Spencer, as I’m sure you realize, very few deaf kids actually go to schools for the deaf anymore. Most of them are mainstreamed, and most have results just like Michael. Unfortunately, the kids who arrive with difficulties at deaf schools often have other things going on. They may have been implanted later, identified later, have multiple disabilities, have parents that do not understand appropriate intervention and therapy, and have not emphasized the importance of hearing at all times. I doubt that most of the “failures” which you have seen have all been identified under the age of 6 months, aided, and then implanted early (by age 2 or even earlier) with appropriate intervention.

My sons both have similar stories to Michael’s at their point in life. My 7 year old has been age appropriate since before turning 2 years of age, having been implanted at 9 months in 2001. We have been covering the Greeks in his history lessons (he is homeschooled like his hearing brothers were at this age but he attended ordinary preschool successfully). Here are some questions he answered while not even looking at me:

Who was the King of the Greek Gods?
What was Athena the goddess of?
What gift did Athena give the city which was named in her honor?
Did the Greeks worship one or many gods?
Did the people of Athens have a King or make decisions for themselves?
What does the word “democracy” mean?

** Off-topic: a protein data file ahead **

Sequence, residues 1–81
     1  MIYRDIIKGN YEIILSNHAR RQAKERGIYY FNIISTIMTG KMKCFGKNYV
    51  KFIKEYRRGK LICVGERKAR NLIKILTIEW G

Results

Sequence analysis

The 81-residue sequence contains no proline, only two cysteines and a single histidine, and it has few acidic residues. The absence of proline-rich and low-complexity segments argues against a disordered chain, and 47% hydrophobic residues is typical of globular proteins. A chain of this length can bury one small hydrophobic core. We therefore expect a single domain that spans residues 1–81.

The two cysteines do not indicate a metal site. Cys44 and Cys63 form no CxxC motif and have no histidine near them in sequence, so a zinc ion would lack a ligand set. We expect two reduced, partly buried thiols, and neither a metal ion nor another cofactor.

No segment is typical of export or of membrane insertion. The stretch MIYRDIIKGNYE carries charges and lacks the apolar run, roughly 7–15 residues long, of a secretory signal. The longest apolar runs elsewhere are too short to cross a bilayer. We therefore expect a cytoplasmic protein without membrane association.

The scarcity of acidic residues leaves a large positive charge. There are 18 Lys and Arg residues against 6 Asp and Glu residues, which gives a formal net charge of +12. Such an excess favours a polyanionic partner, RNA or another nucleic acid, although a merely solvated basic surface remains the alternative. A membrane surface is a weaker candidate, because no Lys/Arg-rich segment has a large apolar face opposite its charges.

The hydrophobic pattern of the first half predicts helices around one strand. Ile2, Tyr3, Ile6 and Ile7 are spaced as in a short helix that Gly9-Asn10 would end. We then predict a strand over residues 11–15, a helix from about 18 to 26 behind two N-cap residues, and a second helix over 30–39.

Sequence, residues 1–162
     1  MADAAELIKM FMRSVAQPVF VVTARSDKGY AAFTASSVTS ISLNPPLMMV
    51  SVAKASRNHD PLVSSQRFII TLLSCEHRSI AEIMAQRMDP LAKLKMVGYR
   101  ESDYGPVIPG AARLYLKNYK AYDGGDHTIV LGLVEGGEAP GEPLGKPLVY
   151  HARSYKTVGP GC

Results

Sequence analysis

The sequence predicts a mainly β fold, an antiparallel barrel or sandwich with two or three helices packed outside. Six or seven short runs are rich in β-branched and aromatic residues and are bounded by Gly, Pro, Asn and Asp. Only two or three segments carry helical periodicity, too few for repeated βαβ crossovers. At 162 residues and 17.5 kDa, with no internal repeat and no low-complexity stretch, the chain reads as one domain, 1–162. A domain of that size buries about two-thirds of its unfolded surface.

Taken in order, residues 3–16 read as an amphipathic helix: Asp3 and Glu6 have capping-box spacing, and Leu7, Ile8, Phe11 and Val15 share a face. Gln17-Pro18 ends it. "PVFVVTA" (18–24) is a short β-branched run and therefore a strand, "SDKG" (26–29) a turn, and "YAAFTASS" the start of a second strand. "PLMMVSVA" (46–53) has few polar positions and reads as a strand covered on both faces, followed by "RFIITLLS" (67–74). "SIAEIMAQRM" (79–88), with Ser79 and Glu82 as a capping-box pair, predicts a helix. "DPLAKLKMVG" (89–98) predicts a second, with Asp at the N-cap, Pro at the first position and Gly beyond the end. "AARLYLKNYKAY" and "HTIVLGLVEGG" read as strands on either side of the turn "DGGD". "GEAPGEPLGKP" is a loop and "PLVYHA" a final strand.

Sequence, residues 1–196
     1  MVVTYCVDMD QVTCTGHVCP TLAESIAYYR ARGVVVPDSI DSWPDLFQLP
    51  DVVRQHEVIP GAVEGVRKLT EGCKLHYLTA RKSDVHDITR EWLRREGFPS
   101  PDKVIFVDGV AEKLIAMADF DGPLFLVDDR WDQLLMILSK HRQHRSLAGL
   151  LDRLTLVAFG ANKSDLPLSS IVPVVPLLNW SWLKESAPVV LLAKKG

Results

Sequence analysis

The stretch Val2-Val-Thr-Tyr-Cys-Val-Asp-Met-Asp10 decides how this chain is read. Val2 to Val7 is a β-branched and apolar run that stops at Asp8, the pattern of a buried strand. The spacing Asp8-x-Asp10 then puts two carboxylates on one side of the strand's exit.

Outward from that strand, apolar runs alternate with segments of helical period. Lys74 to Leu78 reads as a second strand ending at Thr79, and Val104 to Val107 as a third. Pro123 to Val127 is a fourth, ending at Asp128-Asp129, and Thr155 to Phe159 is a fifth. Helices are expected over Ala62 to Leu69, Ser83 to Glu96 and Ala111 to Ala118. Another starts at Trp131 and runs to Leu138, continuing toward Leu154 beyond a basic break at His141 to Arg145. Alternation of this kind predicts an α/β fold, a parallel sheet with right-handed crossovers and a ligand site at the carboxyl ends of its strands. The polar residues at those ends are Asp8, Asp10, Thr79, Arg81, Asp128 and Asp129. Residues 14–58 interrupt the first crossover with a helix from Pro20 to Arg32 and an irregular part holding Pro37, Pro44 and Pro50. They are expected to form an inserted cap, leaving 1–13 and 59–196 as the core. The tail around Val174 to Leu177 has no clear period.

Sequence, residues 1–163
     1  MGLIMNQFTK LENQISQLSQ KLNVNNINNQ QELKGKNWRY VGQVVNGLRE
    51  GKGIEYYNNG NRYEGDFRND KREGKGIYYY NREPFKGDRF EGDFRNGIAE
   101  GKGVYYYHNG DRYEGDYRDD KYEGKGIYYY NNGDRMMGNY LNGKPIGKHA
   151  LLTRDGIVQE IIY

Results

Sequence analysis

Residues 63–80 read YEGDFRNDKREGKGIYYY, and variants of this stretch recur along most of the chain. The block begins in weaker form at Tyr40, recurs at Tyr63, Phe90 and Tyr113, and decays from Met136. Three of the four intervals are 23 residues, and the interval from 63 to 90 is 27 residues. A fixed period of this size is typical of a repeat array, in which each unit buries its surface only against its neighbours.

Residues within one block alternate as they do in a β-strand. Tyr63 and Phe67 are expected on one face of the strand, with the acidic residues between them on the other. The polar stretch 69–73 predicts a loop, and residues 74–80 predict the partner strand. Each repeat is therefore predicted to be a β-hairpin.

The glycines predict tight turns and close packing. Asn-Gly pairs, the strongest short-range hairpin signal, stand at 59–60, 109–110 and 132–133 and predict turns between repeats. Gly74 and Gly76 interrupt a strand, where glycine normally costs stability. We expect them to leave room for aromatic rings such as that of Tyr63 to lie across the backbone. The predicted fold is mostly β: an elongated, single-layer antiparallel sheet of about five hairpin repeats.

What kind of people were the Spartans?
At what age did spartan boys have to leave their mothers and start learning to fight?
How did the Greeks win the war with Troy?
Who wrote the stories of the Trojan war?

My son is 7. His 20 month old brother, also bilaterally implanted, has a vocabulary which is now large enough that we probably can’t count the words easily anymore. People are routinely shocked if we tell them that the boys were born deaf. They have no trace of deaf accent.

I know lots of other parents who have had similar results. Fortunately, most of them are mainstreamed in settings where the teachers do not have the low expectations that older TODs have, and so they get the benefit of being treated just like their peers. Many have no accommodations, some have requests for captioning or FM systems because of the potential for noisy classrooms, but rarely do they have any need to be sequestered and be taught in a different language than their peers.

The old stories of cochlear implants need to be put out to pasture.


January 28, 2008 at 3:00 pm

I wince at the words “CI failure”.

Just because a deaf child with a CI who doesn’t keep up with his hearing peers and is considered a CI failure doesn’t mean he doesn’t hear or has no potential for learning, say in a bilingual program that includes ASL. The child really should be called a CI visual learner instead, as a commenter mentioned earlier.

Tagging a child with a negative label is bad enough.


January 28, 2008 at 4:00 pm

Ann, this is why I used quotations, because “failure” is not even a good definition. While I think it’s not any more likely for a deaf child to be a visual learner than a hearing one, there are kids for whom different methods may work best and who still enjoy their CIs. But I disagree that “many” kids are falling through the cracks. I think the kids who are not meeting the expectations of their parents, professionals or others are often having difficulties for very good, identifiable reasons. Not because CIs don’t work.